Chapter 3. Track and Wheel Load Testing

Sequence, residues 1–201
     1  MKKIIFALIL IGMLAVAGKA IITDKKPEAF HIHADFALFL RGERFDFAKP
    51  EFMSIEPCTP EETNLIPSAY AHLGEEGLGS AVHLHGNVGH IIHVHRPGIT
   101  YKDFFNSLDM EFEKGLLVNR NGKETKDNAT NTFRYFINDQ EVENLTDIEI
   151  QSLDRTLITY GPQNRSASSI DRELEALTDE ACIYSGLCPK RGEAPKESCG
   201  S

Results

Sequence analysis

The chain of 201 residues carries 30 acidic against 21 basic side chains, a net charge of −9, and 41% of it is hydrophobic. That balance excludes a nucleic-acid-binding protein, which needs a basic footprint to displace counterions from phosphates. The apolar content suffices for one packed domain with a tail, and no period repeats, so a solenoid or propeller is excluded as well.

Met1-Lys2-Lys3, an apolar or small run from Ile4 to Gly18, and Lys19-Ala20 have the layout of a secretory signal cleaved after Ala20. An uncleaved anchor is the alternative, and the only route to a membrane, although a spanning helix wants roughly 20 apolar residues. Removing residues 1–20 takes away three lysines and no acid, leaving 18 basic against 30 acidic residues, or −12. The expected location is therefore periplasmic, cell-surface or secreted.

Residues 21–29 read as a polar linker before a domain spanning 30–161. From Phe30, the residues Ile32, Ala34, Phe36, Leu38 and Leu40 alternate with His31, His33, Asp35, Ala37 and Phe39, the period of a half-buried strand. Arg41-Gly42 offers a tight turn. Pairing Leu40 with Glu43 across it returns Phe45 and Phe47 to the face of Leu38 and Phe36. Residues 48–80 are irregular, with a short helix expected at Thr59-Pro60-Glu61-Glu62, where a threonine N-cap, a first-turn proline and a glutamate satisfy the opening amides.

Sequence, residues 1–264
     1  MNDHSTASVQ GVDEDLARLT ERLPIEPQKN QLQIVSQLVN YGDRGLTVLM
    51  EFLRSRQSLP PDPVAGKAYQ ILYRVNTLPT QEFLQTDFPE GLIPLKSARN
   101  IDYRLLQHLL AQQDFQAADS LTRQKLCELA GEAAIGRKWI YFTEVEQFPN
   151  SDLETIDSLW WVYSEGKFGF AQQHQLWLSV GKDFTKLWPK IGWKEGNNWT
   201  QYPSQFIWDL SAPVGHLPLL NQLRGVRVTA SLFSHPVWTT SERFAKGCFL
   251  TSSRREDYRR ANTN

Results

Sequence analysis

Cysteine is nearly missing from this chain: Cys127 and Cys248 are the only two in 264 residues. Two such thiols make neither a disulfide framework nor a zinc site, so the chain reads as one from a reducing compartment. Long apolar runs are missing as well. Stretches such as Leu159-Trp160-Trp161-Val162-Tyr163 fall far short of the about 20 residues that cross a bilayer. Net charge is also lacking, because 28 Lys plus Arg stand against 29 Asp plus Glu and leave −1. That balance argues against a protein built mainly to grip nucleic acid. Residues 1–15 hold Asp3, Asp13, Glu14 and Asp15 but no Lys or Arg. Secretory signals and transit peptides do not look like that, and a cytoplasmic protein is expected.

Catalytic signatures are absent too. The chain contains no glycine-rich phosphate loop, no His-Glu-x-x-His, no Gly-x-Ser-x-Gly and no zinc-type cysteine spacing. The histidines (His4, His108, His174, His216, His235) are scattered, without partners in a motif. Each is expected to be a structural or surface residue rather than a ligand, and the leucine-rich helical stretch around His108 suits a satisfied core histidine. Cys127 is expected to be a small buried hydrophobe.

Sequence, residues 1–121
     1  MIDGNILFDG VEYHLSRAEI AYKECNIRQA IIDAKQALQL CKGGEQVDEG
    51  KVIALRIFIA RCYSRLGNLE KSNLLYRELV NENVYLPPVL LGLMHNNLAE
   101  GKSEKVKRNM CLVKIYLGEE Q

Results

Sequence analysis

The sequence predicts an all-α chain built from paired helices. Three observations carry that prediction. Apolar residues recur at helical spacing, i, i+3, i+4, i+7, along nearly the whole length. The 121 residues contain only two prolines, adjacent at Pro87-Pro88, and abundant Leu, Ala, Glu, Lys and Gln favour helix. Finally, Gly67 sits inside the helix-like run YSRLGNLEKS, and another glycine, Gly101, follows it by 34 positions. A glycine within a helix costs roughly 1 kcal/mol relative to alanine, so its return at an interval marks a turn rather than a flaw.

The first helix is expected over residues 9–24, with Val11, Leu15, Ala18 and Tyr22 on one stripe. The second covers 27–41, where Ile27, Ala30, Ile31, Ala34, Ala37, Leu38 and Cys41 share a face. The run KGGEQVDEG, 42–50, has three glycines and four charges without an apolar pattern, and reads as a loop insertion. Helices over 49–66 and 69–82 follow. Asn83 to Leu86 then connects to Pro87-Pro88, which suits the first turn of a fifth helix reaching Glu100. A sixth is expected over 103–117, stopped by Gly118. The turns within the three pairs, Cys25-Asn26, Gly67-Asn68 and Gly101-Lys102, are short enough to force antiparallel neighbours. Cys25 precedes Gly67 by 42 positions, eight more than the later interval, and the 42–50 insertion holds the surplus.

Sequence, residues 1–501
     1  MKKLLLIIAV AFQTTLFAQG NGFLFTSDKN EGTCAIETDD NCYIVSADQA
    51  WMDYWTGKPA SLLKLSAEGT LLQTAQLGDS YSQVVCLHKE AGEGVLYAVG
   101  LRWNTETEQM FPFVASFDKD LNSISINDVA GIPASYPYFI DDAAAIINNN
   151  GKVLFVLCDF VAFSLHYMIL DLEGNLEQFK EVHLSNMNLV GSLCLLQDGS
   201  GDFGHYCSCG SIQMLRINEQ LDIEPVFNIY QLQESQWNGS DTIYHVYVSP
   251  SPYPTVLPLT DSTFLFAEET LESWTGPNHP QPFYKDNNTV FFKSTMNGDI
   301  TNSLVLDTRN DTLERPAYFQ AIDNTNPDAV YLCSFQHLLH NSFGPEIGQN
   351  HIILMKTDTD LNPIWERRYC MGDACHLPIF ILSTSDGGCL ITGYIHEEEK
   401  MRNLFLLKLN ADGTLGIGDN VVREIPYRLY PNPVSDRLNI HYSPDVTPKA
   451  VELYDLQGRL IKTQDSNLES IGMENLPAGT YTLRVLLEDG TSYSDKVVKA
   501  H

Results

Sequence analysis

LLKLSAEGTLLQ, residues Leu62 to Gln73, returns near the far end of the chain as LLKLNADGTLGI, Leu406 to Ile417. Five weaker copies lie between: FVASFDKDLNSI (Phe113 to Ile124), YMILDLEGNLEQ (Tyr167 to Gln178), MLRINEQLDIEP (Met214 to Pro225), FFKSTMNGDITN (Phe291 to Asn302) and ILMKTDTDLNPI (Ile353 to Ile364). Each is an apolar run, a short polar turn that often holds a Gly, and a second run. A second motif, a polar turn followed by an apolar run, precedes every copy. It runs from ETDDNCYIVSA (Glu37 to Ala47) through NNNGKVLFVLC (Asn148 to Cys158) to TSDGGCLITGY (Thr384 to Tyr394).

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1 Chapter 3 Track and Wheel Load Testing This chapter describes the track, truck, and testing equipment that were used by the Transportation Technology Center, Inc. (TTCI) for collecting the data that was analyzed throughout this research. Background information on the FAST (Facility for Accelerated Service Testing) track and HTL (Heavy Tonnage Loop) is provided. This chapter also includes a description of the truck design that was used for the tests, along with a description of the wheel forces and the parameters that were recorded at TTCI. Finally, the methods for measuring the wheel forces and the track parameters are described. 3.1 FAST Program and High Tonnage Loop The Facility for Accelerated Service Testing (FAST) is a testing facility operated by the Transportation Technology Center, Inc. in Pueblo, Colorado. The FAST tracks allow for testing the durability of track components, such as the rail, rail fasteners, and cross-ties, by operating specially equipped test cars that subject the track to an increasing amount of accumulated traffic which is measured in Million Gross Tons (MGT). The original FAST program ended in Since that time, the program has been replaced by the Heavy Axle Load (HAL) program which is conducted on the High Tonnage Loop (HTL). The HAL program has many of the same objectives as the original FAST program, but differs in several ways. The original FAST program used axle loads of under 33 tons, whereas the HAL program uses axle loads of 39 tons. As shown in Figure 3.1, the FAST track was originally the perimeter of the HTL and Wheel Rail Mechanism loop (WRM) before it was divided into 10